While I'm away on honeymoon, here's a guest post by my dad Graham, about the thoughts he has when... um... sitting.
I ought to give some sort of disclaimer here saying that Sanex is good stuff.
THE WHOLE TRUTH!
I was pondering the other day, as one may whilst sat quietly in the smallest room of the house, my body was being very 'healthy' at the time (as, 'through the eye of a needle') and becoming somewhat lighter. Such times are a rare opportunity in our busy lives, to stop and stare at the opposite wall, conjure faces in the bath towels, wonder about the meaning of life, etc when something struck me, Sanex, or so the label would have it, is now even more moisturising!
What does that mean?
Sanex, for the uninitiated is 'bubble bath' in some shape or form and whereas it may or may not give the maximum delivery of bubbles, it suggests that it is healthy, pure, good for you and apparently, is even more moisturising.
I guessed that previously it must have been less moisturising than it is now, but now it is better at it. Odd, I thought it was the water which did the moisturising? Water is well known to be amazingly wet, you just try placing a dry object in a bath full of water and... POW! Said object is immediately seriously wet!
So if you can become considerably wet by simply immersing yourself in water how exactly is Sanex now more moisturising?
Now you can't lie in advertising, it's against the law, so by some convoluted sort of reasoning, the makers of this fine bubble bath must be telling the truth, kind of. If I put my hand in water, it will get wet. If the water has bubble bath in it, it will get even wetter!? You could have fooled me, once my hand is wet I would have bet good money that no way could it get any wetter than it already is.
In my imagination the Sanex bottle was now shouting "Now Even Wetter!" at me, although I was struggling to accept that this could be really true.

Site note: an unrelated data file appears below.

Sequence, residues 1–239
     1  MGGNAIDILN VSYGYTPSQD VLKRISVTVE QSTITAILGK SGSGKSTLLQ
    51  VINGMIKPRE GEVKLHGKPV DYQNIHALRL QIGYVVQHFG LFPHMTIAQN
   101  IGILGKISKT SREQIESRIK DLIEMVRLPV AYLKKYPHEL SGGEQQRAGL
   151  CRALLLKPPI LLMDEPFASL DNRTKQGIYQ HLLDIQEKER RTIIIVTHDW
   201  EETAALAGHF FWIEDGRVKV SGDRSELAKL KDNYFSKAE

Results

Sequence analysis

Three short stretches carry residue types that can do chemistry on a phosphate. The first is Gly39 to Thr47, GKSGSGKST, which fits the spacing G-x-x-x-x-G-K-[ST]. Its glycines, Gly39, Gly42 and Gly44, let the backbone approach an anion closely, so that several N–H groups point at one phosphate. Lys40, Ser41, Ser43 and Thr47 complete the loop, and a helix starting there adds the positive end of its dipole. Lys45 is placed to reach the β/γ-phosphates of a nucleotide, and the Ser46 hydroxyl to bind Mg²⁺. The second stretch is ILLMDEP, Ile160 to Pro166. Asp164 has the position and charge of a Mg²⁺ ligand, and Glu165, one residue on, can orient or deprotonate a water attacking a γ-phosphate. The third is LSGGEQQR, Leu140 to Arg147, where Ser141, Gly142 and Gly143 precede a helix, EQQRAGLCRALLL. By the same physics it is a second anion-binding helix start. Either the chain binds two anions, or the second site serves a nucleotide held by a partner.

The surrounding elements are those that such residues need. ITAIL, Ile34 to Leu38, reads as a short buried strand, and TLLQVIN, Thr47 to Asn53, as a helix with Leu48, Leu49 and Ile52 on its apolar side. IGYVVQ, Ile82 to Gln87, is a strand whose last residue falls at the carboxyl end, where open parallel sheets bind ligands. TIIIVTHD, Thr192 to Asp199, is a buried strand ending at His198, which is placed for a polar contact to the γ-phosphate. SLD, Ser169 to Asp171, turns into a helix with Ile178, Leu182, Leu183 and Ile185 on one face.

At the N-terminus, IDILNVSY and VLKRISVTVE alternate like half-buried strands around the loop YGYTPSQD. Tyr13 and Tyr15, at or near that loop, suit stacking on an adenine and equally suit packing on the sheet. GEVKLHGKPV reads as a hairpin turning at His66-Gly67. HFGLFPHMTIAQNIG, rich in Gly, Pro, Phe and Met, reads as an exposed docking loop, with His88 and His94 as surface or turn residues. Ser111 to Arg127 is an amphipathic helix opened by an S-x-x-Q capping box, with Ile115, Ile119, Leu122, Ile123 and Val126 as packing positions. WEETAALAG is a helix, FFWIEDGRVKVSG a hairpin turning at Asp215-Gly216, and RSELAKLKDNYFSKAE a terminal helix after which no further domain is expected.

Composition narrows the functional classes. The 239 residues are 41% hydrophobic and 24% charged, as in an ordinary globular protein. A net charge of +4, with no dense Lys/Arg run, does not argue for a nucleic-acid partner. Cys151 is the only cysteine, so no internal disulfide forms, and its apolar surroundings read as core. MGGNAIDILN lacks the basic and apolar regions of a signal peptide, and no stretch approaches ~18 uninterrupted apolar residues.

And then it came to me, oily skin! Ah right!
Phew, that was a relief I can tell you. Clearly the new bubble bath strips the oils from your skin faster and/or more thoroughly than the old bubble bath thereby allowing your skin to 'wet' more completely. The bottle now exultantly proclaimed in its silent way "Now even Wetter - Strips the Oils from your Skin Faster than Ever!"
Note from Mike: After reading this, I felt the need to research moisturising. Moisturising means to add or restore moisture to something. Now then, the word moisture has a couple of meanings, both of which talk about liquids, and especially (but not exclusively) water. Therefore I would summarise that it is entirely acceptable to have a moisturiser that adds a liquid to your skin that isn't necessarily just water. Furthermore, hot water removes moisture and oils from your skin, making it dry and scaly. So a moisturiser which keeps the oils in your skin is a good thing (I think) - I have no idea if the product in question actually does this, or if it strips the oils from your skin, or if it doesn't nothing of the sort, it could simply be that bubble bath is sticky and if you rub it into your armpits it'll stick there for awhile instead of water, which has a tendency to adhere to the rules of gravity and pour off.
I'm not sure what my notes above add, but they sure add something. Now I'm off to make some rice pudding.
Feel free to check out my parents mail order business selling all kinds of weird and wonderful magical goodies at www.facebook.com/RavenMagical